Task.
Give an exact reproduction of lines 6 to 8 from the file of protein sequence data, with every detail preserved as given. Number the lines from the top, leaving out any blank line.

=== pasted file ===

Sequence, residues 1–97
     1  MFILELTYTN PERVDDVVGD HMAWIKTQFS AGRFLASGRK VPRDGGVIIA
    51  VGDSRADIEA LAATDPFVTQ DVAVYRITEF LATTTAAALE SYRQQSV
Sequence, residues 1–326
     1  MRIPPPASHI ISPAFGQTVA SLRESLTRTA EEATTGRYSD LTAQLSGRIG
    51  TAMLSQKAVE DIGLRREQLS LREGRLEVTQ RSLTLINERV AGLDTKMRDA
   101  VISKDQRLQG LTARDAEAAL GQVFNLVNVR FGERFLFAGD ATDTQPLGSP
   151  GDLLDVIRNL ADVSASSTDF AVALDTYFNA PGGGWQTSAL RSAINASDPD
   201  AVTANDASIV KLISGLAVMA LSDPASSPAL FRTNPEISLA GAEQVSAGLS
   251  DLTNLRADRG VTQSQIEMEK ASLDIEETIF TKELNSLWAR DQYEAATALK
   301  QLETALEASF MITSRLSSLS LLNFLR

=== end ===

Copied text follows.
    51  TAMLSQKAVE DIGLRREQLS LREGRLEVTQ RSLTLINERV AGLDTKMRDA
   101  VISKDQRLQG LTARDAEAAL GQVFNLVNVR FGERFLFAGD ATDTQPLGSP
   151  GDLLDVIRNL ADVSASSTDF AVALDTYFNA PGGGWQTSAL RSAINASDPD